Now because you’re a water sports fan and are always ready to hit the waves, doesn’t mean you should simply jump in. Before you splash, let’s make sure you know how to stay safe. Waves are like a crazy roller-coaster ride — exciting, but sometimes dangerous, especially for the inexperienced. So, understanding how they work is key to keeping yourself and others safe.
First things first! Makes sense. Before we can discuss how you can protect yourself from dangerous waves, you need to know how they are formed — at least the simple ones: when the wind comes into contact with the upper layer of the sea, it makes a bump. All that water continues to ripple and move forward. But the size and power of the waves depend on three main factors: wind strength, how long it’s been blowing, and how far the wave has traveled, also known as "the fetch’.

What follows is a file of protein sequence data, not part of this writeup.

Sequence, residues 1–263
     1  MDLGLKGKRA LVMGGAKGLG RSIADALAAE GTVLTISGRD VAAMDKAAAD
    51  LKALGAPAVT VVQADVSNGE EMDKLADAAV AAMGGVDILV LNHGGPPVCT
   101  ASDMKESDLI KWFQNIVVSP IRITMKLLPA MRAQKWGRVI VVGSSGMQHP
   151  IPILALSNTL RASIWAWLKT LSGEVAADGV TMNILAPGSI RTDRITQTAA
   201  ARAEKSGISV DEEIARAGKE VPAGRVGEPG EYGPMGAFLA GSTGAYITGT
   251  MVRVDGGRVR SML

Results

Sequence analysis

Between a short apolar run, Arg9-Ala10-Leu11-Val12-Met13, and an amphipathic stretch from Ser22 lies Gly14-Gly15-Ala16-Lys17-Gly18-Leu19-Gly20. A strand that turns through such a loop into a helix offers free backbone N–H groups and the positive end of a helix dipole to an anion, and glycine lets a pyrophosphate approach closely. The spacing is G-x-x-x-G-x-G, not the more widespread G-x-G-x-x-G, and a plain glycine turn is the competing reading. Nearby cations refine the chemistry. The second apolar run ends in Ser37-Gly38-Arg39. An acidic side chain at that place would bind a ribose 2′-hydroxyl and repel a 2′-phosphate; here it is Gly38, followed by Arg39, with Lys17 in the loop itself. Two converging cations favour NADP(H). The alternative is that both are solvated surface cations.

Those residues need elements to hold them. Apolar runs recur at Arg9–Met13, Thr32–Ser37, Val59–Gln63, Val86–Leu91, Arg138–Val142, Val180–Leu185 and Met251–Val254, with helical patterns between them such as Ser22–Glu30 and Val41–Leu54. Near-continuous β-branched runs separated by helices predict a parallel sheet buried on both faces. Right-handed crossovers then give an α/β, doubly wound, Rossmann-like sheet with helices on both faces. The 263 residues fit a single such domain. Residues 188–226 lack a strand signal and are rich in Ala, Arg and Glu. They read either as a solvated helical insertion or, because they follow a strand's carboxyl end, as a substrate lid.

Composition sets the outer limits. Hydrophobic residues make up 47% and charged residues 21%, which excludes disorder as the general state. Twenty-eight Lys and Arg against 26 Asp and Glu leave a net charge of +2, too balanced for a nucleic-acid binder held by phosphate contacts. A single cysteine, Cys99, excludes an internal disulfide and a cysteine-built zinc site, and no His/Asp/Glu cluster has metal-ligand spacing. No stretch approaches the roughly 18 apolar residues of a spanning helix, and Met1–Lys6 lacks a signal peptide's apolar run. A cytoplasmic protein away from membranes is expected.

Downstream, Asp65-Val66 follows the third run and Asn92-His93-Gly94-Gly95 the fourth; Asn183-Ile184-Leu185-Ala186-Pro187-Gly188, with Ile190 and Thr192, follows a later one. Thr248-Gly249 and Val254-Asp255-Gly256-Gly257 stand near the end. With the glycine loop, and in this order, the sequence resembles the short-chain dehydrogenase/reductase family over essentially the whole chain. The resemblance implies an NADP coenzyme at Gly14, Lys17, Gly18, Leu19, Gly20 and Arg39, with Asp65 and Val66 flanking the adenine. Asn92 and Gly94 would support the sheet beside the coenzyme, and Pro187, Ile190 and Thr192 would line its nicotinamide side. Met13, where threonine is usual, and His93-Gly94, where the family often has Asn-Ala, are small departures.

Now, let’s talk about the different types of waves. Spilling waves are like that warm hug from grandma — soft and consistent. They gradually diffuse as they get closer to the shore and are great for beginner surfers, for example, or people that are now learning how to swim. Dumping waves, on the other hand, are powerful and unpredictable. They break quickly with a lot of force and should not be messed with, especially by beginners. And then there are surging waves, which don’t break but can unbalance you and drag you into deeper water. So, watch out for those, too!